Great film bettered by its sound track.
The Who’s Quadrophenia album was lent to me by some classmate at school, Dave Hay it might have been, and transferred to a C90 cassette pretty damn quickly. It became the soundtrack to the whole of my 1st year Sixth, the first of two years in which we were supposed to be studying for the extremely hard (in those days) “A” Level exams with a view to a University place at the end of it all.
My ambitions were slightly lower than Oxford or Cambridge, I was just tossing off for the year having been unable to make a decision on a career in the workplace at the end of the Fifth Form I blagged my way into the Sixth Form (normally by invitation to the intelligentsia only) by means of just turning up on the first day of term and pleading ignorance of the undeniable fact that my name wasn’t on the list, the fact that Trampus Shaw was one of the First Year Sixth heads meant that I was able to play him like a well tuned violin and convince him that I should really be on the list after all and it was all the school secretary’s fault, he believed me and I was in.
And why for ?
Because I hadn’t a clue what else to do, I wandered along to Geography and Art A level classes with no real desire to do either, Art because I’d got a grade A at O level and Geography because some of my mates were doing the subject and there was a week long field trip to Cornwall planned for the summer which sounded a hoot.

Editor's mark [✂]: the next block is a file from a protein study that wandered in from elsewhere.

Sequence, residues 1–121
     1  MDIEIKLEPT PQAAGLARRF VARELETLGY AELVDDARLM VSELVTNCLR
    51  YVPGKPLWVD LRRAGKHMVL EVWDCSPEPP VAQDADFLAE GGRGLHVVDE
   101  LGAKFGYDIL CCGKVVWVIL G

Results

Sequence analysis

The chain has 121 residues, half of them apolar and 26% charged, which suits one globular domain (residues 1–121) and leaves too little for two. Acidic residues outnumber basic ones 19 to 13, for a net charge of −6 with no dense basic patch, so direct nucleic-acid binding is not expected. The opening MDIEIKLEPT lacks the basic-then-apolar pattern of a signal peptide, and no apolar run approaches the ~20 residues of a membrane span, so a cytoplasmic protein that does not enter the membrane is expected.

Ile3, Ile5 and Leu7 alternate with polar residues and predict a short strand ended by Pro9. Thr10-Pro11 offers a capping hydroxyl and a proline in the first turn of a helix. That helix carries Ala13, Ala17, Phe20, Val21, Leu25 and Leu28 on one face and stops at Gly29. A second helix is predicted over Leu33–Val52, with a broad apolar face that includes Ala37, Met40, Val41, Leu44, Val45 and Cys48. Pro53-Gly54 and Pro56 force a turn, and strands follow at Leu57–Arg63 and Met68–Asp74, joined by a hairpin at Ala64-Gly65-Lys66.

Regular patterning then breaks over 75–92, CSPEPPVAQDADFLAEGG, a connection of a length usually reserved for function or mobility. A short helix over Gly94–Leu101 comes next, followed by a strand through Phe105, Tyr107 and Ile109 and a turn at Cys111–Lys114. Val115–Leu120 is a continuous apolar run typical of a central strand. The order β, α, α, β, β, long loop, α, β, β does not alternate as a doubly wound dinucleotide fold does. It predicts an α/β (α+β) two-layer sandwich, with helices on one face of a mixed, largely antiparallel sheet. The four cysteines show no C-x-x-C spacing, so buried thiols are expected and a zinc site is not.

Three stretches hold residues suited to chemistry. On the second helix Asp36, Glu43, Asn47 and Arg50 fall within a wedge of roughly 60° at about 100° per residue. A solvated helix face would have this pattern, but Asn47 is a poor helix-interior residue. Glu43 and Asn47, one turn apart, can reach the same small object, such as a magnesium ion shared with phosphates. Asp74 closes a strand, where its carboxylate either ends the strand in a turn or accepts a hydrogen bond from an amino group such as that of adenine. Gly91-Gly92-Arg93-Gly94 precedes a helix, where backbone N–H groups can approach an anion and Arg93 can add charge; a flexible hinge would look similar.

So that year was passed idly and nights when I should have been doing my A level homework were spent with a huge pair of headphones sat in the corner of the living room listening to The Who and being told to turn it down every two minutes by my long-suffering parents who continued to feed and clothe me at 17 years of age like a pair of sparrows do to a huge lazy arsed cuckoo in their nest, “Are you sure this is ours?” they must have asked themselves.
But more importantly it was around this time that the concept of quadrophenia as an audio technique came to the retail trade and Albert Hart a mate of my dads went and splashed out on a quad amplifier and another set of speakers in his front room. My dad had recently invested some of his sales bonuses on a Wharfedale stereo system and was getting into the whole hi-fi thing and so we went along to Alberts house to listen, me talking up the whole thing in the hope that with four speakers in the living room I’d be able to play my LP’s even louder when they’d gone out on a Saturday night.
The whole thing was a bit of a disappointment really and as many people have since realised with the re-emergence of quad sound under the guise of “surround sound”, you only get the full effect in a room with absolutely no furniture, not even a chair to sit on. Alberts room was full of dralon sound-deadening furniture and he twiddled the knobs all night long to try and prove to us that his new amp was indeed “true” quad but unfortunately, being a new concept the only albums recorded in quad at that time were sound effect albums and so we sat there all night long listening to trains entering a station or going into a tunnel, “See?” shouted Albert above the 8.10 from Paddington, “its gone into a tunnel near the fruit bowl, now wait, it’ll come out of the tunnel somewhere near the kitchen door”.
We didn’t bother with quad sound.